Barcelona will compete for the title of the kings of Europe on May 28th, a phrase that no Madridista wanted to hear 18 days ago when the first of four clásicos kicked into action. Over the four matches, each club won once while the two Spanish giants drew on two occasions; however, as any football fan knows, it was timing and importance of those fixtures that will define this campaign.
Madrid brought home the Copa del Rey, their first trophies in four years; however, were felled to their bitter rivals in the semi-finals of Europe’s most prestigious tournament. In between the four fixtures, in what is arguably the greatest rivalry in football, Barcelona also increased their lead in the league. The Catalans will soon clinch their third consecutive league title, maintaining their domestic dominance. Certainly a season of headlines, drama, and, oh, the occasional football match, but then again, what else would one except from Jose Mourinho’s debut at the helm of the world’s most successful club?
After a disgusting first leg, (in regards to on-field theatrics, post-match complaints, the racism rows and mediocre football), play was better on Tuesday night; however, one could not help but doubt, every time a player went to ground, the seriousness of their ailment. In the end, the better team did win. Madrid did not create enough opportunities over the two legs, especially Tuesday when they knew they would need at least two goals to overcome their northern rivals. Angel di Maria made a brilliant step, taking advantage of an uncharacteristic lull in the Barca defence, to launch the play that would quickly lead to Madrid’s only goal, but it would not be enough. Discussion of a comeback started up immediately. “If they get another quick one, Barcelona will have to play conscious of the fact that another goal beats them.” It was not meant to be; the last team you want to overcome a two goal deficit against is the Barcelona of the past few years at the Camp Nou.
It was textbook Barcelona goal that put the icing on the cake. Level at nil-nil, Andres Iniesta picked out Pedro with a brilliant pass, sending his compatriot through the Madrid defence to coolly finish off, for all intents and purposes, any faint hope of a Madrid upset. Kaka was incredibly ineffective, reemphasizing the questions in the pre-game as to why the Brazilian was selected over Mesut Ozil. The Germany star was the clear difference in Madrid’s Copa victory, yet Mourinho opted to start him on the bench. On the other side of the ball, Barcelona were stoic defensively; however, the Barca backline did seem set in continuing to try and earn calls with some over-dramatization. Javier Mascherano was by far the most guilty azulgrana on the evening, drawing a number of questionable fouls as well as what will surely be a few Oscar nominations.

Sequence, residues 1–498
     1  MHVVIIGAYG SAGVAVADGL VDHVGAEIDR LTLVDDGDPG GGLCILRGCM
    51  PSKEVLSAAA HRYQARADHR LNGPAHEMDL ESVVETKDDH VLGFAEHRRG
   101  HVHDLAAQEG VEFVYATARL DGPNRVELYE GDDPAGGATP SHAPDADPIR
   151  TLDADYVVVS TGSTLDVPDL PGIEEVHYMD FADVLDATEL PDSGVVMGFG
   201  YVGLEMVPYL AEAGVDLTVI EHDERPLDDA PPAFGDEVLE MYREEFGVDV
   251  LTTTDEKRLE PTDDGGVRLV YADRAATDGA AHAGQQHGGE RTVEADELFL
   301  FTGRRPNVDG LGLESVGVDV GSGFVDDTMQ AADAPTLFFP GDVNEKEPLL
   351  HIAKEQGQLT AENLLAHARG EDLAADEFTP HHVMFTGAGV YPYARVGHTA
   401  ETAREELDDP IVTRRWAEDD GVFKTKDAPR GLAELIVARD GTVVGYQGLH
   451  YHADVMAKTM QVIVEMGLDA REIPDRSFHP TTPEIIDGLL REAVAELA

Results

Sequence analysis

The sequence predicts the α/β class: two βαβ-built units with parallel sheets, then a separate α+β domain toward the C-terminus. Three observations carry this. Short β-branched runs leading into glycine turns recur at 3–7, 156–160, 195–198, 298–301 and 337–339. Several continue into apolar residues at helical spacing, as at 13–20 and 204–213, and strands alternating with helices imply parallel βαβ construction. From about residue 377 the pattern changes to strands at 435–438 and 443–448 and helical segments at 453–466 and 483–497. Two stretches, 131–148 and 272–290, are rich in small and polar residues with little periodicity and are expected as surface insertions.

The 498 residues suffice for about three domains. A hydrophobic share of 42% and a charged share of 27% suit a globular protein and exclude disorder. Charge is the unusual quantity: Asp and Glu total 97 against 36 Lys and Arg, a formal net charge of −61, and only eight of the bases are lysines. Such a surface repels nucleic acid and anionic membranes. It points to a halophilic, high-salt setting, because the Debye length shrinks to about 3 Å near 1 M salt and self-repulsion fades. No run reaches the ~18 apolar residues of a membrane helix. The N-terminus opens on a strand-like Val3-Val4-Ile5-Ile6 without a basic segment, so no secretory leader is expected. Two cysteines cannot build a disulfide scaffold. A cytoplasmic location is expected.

The most controversial of which could have certainly changed the pace of the game. In the opening minutes of the second half, a run from Ronaldo opened up the Barca defence. After seemingly beating Pique, the Portugal star went to ground, but not before slotting a ball into space for Gonzalo Higuain (who would put the ball in the back of the net to no avail as the referee had already blown a foul in favour of the hosts). As Ronaldo tumbled he clips Mascherano, who would have, most likely, beaten his compatriot to Ronaldo’s through ball, dragging down the Argentina international. Of course the question on everyone’s mind was or still is: did the referee get it right? Tough to say, and I will stick to playing devil’s advocate. The ground was soaking wet, Ronaldo could’ve easily slipped on his own accord. Pique does not seem to take out Ronaldo’s legs but does make solid upper body contact with the Portuguese star. To that same point, in real time, it is hard to tell if Pique’s legs do take out those of the midfielder: does Ronaldo recognize this and go to ground too easily in order to try and win the foul? An early Madrid goal would have, undoubtedly, changed the atmosphere inside the stadium and on the pitch. Would it have meant Madrid would be celebrating tonight? Maybe or maybe not, but it is certainly one of those plays that will be the subject of pundit review and debate for weeks, if not years, to come.
The discussions will rage on throughout the capital as the season winds to an end. Should Higuain’s goal been allowed? Was Mourinho, for seemingly the first time in his career as manager, actually a poison for Madrid rather than the stalwart tactician that has masterminded such success on the European continent? How will the campaign be judged? Silverware, sure, but another league to Barcelona, as the Catalans disposed of the capital club en route to the European final. Mou’s future? Summer transfers? Madrid’s season may be over, save four essentially meaningless league fixtures; however, the excitement, or at least the circus, that will surround Los Blancos as long as the Portuguese manager is calling the shots is really just beginning.
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